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Military Quotes

Take time to deliberate, but when the time for action has arrived, stop thinking and go in.

-- Napoleon Bonaparte

KoreaThe following is a summation of my recollections of the Korean War while stationed at Kimpo Air Force Base. I was assigned as a radio man to the 45th Tactical Reconnaissance Squadron a photo reconnaissance squadron. The squadron flew the World War II P-51's which were actually designated RF-51 (Reconnaissance Fighter) but we always referred to them as P-51's or Mustangs.
I arrived 1 January 1952 and in May of 1952 was reassigned to Seoul City Air Force Base and the Fireflys, "The Old Lamplighters Of The Korean Hills" as we were called. We dropped flares at night for the troops fighting on the ground.

The War

Unlike World War II there was not a great deal of enthusiasm or support for the Korean war. It was often referred to as Harry Truman's war and with good reason. After WW II Harry Truman miscalculated our military needs and decimated the strength of our military. He then made the mistake of informing the world that we would not come to the aid of any country west of Japan, that included South Korea. Then after the war was underway he refused to fight to win.

Of the 1,319,000 Americans who served 142,000 were killed wounded or captured. The death rate was nearly three times that of the Vietnam War. The POW death count was the highest of any conflict in this nations history. There were also 5,178 MIA's never accounted for and 2,730 POW's that were known to be alive but never repatriated.

The Base

Kimpo is just north west of the city of Seoul. When the war broke out on Sunday June 25, 1950 Kimpo was used as the main evacuation point for diplomats living in Seoul. For the next two days air transports of all types were landing and taking off with evacuees.

This was not done without hazards however, North Korean fighter aircraft were a constant threat and they were determined to shoot the transports down. On the 27th of June for example North Korean airmen in eight fighters attempted an attack on the transports but four were shot down by US jets and the remaining aircraft returned to the north. Later that day Kimpo fell to the advancing North Korean forces.

The Inchon invasion took place on 15 September 1950 and two days later on the 17th Kimpo was back in US hands. But it once again fell to the enemy on 4 Jan 1951 as the fighting again moved south. Then on 10 Feb Kimpo was, for the final time, captured by US forces. Being captured and being secure however were two different things. It was still not unusual to be shot at or to come under attack by infiltrators. Let me describe several of my experiences.

One evening one of the men in our tent went out to the latrine. When he did not return we went looking for him and found him between the tents stabbed.

One morning there was much commotion several tents away. During the night infiltrators had slit the side of the tent open, entered and silently killed several men. At this time both officers and enlisted men were quartered in tents but in separate areas.

One morning as I was walking past the base commanders quarters South Korean military police were dragging a man out to their truck, they shot him in the head just before tossing him in the back. Seems he had gained entrance to the commanders quarters and attacked him with a knife. The commander was successful in fighting off the attacker.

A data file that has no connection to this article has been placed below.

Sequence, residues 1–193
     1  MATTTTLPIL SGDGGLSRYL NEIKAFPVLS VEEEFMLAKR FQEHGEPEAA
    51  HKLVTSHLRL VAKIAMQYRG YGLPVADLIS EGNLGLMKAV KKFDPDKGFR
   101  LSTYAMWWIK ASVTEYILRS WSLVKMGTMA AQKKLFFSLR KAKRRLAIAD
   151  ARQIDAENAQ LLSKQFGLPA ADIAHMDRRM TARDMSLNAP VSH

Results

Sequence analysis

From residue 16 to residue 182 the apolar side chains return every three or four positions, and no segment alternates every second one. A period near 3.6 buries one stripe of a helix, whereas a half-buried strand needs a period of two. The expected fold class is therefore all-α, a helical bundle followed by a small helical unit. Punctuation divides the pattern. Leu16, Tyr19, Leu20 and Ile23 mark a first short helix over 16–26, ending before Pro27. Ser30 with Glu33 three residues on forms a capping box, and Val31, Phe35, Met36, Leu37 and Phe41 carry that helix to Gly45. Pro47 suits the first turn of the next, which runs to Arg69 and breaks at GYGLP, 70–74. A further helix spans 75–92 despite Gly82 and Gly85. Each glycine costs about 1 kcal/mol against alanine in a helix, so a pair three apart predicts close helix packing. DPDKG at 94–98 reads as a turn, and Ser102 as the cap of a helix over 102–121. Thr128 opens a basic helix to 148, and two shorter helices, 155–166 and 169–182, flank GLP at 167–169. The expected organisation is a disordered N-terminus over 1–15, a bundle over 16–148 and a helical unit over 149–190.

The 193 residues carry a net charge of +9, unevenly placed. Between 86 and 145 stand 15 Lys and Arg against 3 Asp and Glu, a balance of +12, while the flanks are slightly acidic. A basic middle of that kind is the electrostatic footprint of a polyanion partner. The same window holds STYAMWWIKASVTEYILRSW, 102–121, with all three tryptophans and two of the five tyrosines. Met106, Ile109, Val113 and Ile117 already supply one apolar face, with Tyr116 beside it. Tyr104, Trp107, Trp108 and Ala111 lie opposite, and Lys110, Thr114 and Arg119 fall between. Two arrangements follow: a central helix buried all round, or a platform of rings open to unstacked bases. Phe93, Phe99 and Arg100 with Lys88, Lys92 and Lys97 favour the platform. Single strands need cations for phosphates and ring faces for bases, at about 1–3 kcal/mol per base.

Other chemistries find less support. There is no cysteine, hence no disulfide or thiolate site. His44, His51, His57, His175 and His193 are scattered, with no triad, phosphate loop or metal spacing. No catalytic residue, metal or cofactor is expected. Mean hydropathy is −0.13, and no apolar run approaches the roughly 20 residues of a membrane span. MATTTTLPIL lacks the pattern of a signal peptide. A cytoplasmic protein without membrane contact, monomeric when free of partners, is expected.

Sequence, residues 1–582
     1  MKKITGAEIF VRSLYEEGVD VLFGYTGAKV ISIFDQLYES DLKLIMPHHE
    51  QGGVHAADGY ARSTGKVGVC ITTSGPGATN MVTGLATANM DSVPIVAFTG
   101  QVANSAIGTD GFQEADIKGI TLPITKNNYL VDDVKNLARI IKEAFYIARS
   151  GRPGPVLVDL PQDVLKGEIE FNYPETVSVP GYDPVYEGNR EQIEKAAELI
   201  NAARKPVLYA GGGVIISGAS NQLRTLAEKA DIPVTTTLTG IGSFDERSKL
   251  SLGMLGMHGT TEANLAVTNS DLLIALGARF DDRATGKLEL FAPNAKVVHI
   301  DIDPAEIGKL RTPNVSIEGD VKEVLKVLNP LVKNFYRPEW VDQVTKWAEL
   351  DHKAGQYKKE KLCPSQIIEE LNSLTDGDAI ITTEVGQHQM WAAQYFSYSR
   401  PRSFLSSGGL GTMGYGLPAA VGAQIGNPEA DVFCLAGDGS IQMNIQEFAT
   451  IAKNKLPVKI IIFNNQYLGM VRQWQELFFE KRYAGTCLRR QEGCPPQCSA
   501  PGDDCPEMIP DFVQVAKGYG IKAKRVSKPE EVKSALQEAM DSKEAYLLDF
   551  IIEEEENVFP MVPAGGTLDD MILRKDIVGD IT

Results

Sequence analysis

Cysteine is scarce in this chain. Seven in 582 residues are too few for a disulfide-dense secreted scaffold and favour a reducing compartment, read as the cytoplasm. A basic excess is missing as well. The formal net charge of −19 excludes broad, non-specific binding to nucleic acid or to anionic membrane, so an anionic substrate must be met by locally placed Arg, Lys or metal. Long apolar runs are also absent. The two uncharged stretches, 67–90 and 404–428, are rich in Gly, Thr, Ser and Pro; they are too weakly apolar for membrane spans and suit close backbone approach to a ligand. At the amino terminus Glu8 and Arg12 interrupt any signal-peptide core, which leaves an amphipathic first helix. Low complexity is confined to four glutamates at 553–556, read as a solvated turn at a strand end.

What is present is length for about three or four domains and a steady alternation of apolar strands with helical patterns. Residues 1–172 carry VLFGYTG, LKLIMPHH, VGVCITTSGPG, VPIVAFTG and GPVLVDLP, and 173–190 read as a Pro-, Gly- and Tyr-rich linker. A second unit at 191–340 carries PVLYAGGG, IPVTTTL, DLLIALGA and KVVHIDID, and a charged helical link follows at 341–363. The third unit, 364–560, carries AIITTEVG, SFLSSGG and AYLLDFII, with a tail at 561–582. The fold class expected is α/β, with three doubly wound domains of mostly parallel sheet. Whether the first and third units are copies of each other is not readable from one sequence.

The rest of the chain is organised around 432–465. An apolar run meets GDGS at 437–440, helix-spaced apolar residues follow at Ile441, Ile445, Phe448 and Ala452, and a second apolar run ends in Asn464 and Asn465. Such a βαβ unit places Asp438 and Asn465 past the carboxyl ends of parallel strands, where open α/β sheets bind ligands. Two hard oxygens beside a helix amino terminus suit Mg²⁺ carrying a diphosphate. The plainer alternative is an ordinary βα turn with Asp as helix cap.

And then there was "Bed Check Charlie" as we called him. This was a light all wood and canvas aircraft flown by North Koreans just after dark and was used to harass us. He would fly over toss out small bombs hoping to hit a tent, aircraft or something else of importance. I found these night time extravaganza's rather exciting. The sirens would go off, big search lights would come on to try to find him and anti-aircraft batteries would begin firing with tracers which would light up the sky better than any Fourth of July that I had ever seen, and all the time we in trenches were shooting our rifles in all directions. Bed Check Charlie was very elusive and only one was ever brought down. Because Charlie flew so slow it was decided in late 1951 to bring in a navy F4U Corsair fighter aircraft. The F4U was noted for its ability to land on aircraft carriers at very slow speeds. So one evening when Charlie arrived the F4U took off and got behind him, the pilot of the F4U was still flying to fast so he dropped his flaps and even his wheels but still to fast and before the F4U pilot could maneuver further he hit Charlie and both fell in flames.

It was wise to be armed and alert at all times, I wore a pistol 24 hours a day and often had it in my hand at night. This pistol was purchased by my grandfather when he was a circus performer in the 1880's. It was a 32 center fire, very accurate, easy to conceal and use. I was not alone in sleeping with a pistol and occasionally some one would end up either shooting themselves or someone else.

Then in February 1952 our Commanding Officer of the 45th, Lt. Col. Thomas A Hudson Jr. called us all together. He stood in the back of a large truck using it as a platform and told us that the Chinese were intent on retaking the base and were seen just a few miles north in great numbers. He said that it was expected we could hold out for three days before being overrun and that a detachment of Marines were expected to arrive and relieve us in five days. He went on to say that we were short of ammunition and that if we ran out we were to use our bayonets, there would be no retreat. Fortunately for me on the second day aircraft radios began to fail and they needed me back at the base to repair them. As I worked in a Quonset Hut I could hear bullets hitting the roof. At one point I went out to an aircraft and a mechanic next to me was shot in the leg. What saved us was the P-51s flying with napalm. The enemy was so close that the P-51s would take off and never retract their wheels, drop their napalm and return to load up again.